Latin America, Tipping Point: Is The Region Cooling Down On Bitcoin Adoption?

Latin America, Tipping Point: Is The Region Cooling Down On Bitcoin Adoption?

Is Latin America not concerned about Bitcoin anymore? Did Africa beat us to the punch? They got the Dorsey/Jay-Z fund, and countries from that region are constantly present on Bitcoin media. On the Latin side of the world, things are oddly calm. After the effervescence that El Salvador caused, the whole continent felt on the verge of a breakthrough. It didn’t happen. The moment passed. And here we are.

On the other hand, both “Bitcóin” and “Criptomonedas” are now part of the Real Academia Española dictionary. The organization is the official gatekeeper of Spanish as a whole, so this is as official as it gets. Notice the spelling of Bitcoin and expect to see it written like that in Spanish publications from now on. Such is the power of the RAE.

Brazil: Regulation And New Ways To Buy Bitcoin

  • Brazilian regulators are discussing three projects regarding cryptocurrencies. In general, it’s the same old story that in every other country. They want exchanges to review their clients with strict AML procedures, tax everything, and little else. It’s for the consumers’ own good, though. The only interesting thing in the Brazilian bills is that they’re proposing zero taxes for PoW mining, as long as it’s done with clean and renewable energy. Bitcoin is already the cleanest industry around, and it’s on its way to changing the energy game for good. This is just another step in that direction.
  • Bitcoinist already told you this story, “The largest online commerce platform in Latin America, MercadoLibre, will allow its Brazilian customers to buy, sell and hold crypto using MercadoPago’s digital wallet. The company’s revenues through digital transactions rose during the pandemic, and it is now looking to expand its “financial inclusion” horizons.”
  • Notice that MercadoLibre started their crypto experiment in Brazil, but they are an Argentinian company. Which brings us to…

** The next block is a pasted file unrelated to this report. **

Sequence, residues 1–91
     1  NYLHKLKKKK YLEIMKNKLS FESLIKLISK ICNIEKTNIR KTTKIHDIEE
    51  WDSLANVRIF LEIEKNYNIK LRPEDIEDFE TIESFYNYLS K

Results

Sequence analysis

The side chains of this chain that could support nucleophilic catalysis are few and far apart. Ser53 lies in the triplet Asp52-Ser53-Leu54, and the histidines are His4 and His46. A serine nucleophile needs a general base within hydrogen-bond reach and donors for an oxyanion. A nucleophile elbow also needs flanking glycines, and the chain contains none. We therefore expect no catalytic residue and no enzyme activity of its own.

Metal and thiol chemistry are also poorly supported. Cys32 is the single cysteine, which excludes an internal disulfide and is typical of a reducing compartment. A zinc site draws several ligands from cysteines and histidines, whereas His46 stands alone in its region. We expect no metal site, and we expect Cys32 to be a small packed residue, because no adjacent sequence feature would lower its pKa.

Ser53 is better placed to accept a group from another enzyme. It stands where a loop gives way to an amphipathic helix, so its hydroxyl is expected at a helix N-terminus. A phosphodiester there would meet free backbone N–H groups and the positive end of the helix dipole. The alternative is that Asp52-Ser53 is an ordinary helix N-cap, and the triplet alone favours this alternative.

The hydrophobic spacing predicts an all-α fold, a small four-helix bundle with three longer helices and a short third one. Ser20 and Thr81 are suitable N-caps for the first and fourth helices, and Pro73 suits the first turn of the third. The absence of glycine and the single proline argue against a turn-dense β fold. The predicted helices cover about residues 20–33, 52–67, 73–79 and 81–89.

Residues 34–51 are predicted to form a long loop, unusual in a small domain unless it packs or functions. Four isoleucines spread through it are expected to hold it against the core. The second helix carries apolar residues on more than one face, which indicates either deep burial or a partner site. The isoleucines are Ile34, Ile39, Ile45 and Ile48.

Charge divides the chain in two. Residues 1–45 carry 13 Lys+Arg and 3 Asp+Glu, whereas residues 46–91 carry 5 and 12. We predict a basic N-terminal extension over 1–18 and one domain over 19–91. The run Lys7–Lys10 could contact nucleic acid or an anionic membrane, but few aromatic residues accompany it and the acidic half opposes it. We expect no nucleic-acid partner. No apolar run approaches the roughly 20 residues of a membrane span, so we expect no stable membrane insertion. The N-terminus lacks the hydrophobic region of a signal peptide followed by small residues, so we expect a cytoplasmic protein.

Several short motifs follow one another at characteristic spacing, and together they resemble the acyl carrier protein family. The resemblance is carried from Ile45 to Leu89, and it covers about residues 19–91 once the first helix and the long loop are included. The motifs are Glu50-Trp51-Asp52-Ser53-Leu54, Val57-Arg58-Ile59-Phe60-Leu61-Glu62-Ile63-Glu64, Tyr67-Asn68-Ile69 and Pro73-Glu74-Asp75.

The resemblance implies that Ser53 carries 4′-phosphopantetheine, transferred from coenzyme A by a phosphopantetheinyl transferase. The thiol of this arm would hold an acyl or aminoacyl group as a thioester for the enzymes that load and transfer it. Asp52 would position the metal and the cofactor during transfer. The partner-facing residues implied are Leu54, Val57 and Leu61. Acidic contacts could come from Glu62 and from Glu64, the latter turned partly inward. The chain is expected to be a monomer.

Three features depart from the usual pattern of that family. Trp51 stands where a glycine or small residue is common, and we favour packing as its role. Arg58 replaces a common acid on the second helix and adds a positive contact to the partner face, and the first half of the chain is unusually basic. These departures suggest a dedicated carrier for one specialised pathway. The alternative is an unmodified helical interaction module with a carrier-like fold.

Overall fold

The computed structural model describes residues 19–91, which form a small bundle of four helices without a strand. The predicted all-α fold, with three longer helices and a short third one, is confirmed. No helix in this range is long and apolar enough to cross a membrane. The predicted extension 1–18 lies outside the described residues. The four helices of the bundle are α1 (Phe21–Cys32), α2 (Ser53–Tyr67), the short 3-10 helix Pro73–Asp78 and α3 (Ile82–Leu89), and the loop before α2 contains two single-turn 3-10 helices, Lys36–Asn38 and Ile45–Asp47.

Argentina: Latin America Means Taxes

  • Atomico3 will be a stablecoin pegged to the price of Lithium. Pablo Rutigliano, head of The Argentine Chamber of Lithium, said: “Latin America has the largest lithium reserves in the world, but the problem is that the price of the lithium market today is set in China. It’s necessary that we form it locally and regionally.” Do they need a stablecoin for that?
  • Argentina used to consider cryptocurrency transactions as cash-like, and they were exempt from tax. Not anymore. “Transactions involving cryptocurrencies are subject to Argentina’s tax on credits and debts (popularly known as the ‘cheque tax’), effectively immediately, the government said in a decree published on Wednesday,” according to the Buenos Aires Times.
  • Argentinian tax authorities are also considering taxing Play-To-Earn games. Good luck with that.
  • A few days ago, Buenos Aires hosted the “NFT Latin America Forum.” An exclusive event for 100 guests, it featured fashion brands, NFT gamers, and financial institutions as speakers.
  • Venezuela: Cryptocurrency Congress

  • Since the Venezuelan government created the Petro, arguably the world’s first CBDC, they can’t be Bitcoin Only. The government itself organized the 2nd National Congress of Cryptoassets Aragua 2021. Its aim was “to strengthen alliances with entrepreneurs, researchers, digital miners, businessmen and government agencies to move towards a 100% digital economy.” Good luck with that.
  • Chile: Latin America Means CBDCs

  • It’s the same old story. Chilean regulators announced that they’re discussing regulating “the use of Bitcoin and other cryptocurrencies as legal means of payment in the country.” In the same breath, they announced that they’re “developing its own central bank digital currency.” Of course, the Bitcoin proposal is just a bill, while the CBDC is an absolute certainty.
  • El Salvador, Bitcoin Country Is In Latin America

    The only country in the world to have Bitcoin as legal tender is a common topic around these parts. We talked about the Bitcoin City project and did our best to cover Bitcoin Week. We flipped the script and discussed the problems with the Chivo wallet, and then doubled down on it. A friend of ours talked to Salvadorans and tested the fast-food chains Lightning solutions. Plus, a Salvadoran and a Dutch national gave us their version of the story.

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